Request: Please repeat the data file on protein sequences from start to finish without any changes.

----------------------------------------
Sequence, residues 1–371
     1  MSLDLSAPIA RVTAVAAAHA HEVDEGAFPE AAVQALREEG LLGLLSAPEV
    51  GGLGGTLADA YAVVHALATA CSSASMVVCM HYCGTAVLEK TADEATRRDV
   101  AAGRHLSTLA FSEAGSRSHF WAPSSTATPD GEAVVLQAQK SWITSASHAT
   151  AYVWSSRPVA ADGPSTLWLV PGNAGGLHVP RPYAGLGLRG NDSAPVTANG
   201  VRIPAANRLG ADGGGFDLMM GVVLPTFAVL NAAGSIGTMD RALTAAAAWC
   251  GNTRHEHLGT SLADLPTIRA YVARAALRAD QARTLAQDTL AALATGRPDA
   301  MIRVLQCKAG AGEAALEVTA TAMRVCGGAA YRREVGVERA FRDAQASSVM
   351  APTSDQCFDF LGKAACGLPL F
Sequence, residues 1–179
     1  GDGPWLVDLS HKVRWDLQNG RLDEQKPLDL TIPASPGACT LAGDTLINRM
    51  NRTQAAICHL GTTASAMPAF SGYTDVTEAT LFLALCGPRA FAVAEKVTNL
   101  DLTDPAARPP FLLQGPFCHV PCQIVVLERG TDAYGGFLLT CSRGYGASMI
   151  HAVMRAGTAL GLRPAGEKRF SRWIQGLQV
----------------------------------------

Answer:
Sequence, residues 1–371
     1  MSLDLSAPIA RVTAVAAAHA HEVDEGAFPE AAVQALREEG LLGLLSAPEV
    51  GGLGGTLADA YAVVHALATA CSSASMVVCM HYCGTAVLEK TADEATRRDV
   101  AAGRHLSTLA FSEAGSRSHF WAPSSTATPD GEAVVLQAQK SWITSASHAT
   151  AYVWSSRPVA ADGPSTLWLV PGNAGGLHVP RPYAGLGLRG NDSAPVTANG
   201  VRIPAANRLG ADGGGFDLMM GVVLPTFAVL NAAGSIGTMD RALTAAAAWC
   251  GNTRHEHLGT SLADLPTIRA YVARAALRAD QARTLAQDTL AALATGRPDA
   301  MIRVLQCKAG AGEAALEVTA TAMRVCGGAA YRREVGVERA FRDAQASSVM
   351  APTSDQCFDF LGKAACGLPL F
Sequence, residues 1–179
     1  GDGPWLVDLS HKVRWDLQNG RLDEQKPLDL TIPASPGACT LAGDTLINRM
    51  NRTQAAICHL GTTASAMPAF SGYTDVTEAT LFLALCGPRA FAVAEKVTNL
   101  DLTDPAARPP FLLQGPFCHV PCQIVVLERG TDAYGGFLLT CSRGYGASMI
   151  HAVMRAGTAL GLRPAGEKRF SRWIQGLQV